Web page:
Carmine-Emanuele Cella (1976)
The Manhattan distance (2010)
suite d'après Lì Mǎdòu (2010), pour orchestre
- General information
Composition date :
- Duration : 10 mn
- Editor : Suvini Zerboni
- Composition date : 2010
- Musique instrumentale d'ensemble [Orchestre type "bois par 2"]
- flûte piccolo, flûte, hautbois, cor anglais, 2 clarinettes, 2 bassons, 2 cors, 2 trompettes, 3 timbales, 2 percussionnistes, harpe, célesta, 8 violons, 6 violons II, 4 altos, 4 violoncelles, 2 contrebasses [cordes minimum]
14 September 2011
Corée du Sud, Séoul, Art Center
l'Ensemble TIMF, direction : Soo-Yeoul Choi.
The piece takes inspiration from geometry. In real world we think that there is only a shortest path to go from a place to another. In advanced geometry this has been proved to be false: depending on some rules, it is possible to define many ways to have shortest paths between places. These paths are called distances and an important measure of distance is the Manhattan one. Using this type of distance, there are always at least two paths connecting two places.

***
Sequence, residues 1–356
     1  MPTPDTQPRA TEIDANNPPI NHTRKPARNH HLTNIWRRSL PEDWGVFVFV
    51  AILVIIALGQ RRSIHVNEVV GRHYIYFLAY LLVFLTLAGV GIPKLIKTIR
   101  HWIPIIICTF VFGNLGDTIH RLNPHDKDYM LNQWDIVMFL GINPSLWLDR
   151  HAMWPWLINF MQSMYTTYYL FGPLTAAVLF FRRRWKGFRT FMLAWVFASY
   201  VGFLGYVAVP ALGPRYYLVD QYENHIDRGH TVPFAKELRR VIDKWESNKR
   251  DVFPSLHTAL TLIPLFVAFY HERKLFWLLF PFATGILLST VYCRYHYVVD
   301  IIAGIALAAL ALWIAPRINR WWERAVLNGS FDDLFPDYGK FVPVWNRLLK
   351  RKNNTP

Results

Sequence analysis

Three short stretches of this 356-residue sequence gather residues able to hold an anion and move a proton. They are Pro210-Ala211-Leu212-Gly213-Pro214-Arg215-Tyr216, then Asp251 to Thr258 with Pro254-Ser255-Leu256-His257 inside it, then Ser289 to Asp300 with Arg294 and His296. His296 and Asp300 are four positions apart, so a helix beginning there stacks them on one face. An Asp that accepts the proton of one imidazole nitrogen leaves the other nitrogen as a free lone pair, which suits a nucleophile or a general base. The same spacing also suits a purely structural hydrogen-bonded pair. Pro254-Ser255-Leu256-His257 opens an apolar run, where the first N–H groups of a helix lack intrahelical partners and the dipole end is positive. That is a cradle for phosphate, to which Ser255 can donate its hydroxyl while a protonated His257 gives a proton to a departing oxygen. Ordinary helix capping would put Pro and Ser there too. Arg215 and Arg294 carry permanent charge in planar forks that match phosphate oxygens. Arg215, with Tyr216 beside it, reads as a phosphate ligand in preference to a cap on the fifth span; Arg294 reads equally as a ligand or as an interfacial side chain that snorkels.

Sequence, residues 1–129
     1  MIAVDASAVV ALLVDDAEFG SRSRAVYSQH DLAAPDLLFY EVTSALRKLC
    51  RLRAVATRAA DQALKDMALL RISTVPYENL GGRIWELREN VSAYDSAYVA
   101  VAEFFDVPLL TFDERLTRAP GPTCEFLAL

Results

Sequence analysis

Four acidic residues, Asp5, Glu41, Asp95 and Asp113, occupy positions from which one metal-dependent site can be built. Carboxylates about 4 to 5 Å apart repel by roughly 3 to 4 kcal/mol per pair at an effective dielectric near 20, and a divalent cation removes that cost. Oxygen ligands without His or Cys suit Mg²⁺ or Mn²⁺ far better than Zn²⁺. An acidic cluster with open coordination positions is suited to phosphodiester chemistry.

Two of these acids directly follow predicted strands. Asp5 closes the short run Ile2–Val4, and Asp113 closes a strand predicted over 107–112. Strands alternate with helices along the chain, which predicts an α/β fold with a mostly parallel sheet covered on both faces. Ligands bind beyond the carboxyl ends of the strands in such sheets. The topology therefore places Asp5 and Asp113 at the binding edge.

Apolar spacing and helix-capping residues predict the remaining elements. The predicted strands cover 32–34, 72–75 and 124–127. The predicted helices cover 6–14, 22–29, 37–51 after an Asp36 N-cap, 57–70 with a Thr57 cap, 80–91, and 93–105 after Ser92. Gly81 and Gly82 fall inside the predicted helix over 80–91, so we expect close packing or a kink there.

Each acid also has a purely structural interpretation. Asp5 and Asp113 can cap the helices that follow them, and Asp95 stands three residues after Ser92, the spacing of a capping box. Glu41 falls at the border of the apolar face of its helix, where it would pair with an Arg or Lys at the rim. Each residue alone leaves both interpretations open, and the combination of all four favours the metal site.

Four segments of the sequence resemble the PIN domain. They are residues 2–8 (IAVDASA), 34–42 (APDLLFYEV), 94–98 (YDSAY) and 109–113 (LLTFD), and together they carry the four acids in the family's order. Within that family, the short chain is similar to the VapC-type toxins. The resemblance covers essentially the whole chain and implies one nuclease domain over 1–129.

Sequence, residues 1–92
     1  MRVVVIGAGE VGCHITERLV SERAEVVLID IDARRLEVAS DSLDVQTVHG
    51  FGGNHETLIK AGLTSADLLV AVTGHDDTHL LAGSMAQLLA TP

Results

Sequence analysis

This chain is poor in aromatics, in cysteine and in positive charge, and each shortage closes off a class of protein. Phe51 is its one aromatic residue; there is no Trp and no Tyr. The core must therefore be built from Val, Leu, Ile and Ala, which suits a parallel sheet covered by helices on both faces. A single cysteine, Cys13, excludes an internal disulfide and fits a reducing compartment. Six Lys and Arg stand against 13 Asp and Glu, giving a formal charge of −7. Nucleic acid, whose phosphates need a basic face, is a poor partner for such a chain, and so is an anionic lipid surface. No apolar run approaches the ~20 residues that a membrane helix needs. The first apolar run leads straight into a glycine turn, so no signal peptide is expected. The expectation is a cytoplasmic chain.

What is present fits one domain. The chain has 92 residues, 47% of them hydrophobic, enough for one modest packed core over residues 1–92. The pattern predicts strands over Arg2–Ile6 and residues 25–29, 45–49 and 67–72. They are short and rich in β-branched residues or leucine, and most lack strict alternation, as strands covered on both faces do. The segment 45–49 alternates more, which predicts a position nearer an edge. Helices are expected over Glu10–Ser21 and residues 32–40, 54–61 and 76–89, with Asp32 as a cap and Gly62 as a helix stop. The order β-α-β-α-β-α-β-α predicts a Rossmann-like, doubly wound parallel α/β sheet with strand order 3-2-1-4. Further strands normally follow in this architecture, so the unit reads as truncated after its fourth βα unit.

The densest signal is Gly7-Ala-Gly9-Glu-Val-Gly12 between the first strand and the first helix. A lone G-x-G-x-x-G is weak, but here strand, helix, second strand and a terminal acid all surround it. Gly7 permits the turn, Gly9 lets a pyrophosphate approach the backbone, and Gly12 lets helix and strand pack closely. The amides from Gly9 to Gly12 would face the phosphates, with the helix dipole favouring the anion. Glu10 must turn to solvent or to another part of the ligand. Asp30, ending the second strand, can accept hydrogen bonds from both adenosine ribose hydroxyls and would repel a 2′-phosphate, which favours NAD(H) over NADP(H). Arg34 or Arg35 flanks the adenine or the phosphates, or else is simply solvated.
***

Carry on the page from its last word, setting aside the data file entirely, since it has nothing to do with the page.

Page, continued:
This piece tries to create a musical equivalent of a place in which is defined the Manhattan geometry: here it’s always possible to have two ways to go to a place, two solutions to a problem.
Formally, the piece is organized into two sections that represent the paths connecting two places: each section is the musical development of such ideas.
There is not a single way to view reality: this piece tries to enforce the idea that is always possible to find at least two different perspectives on things.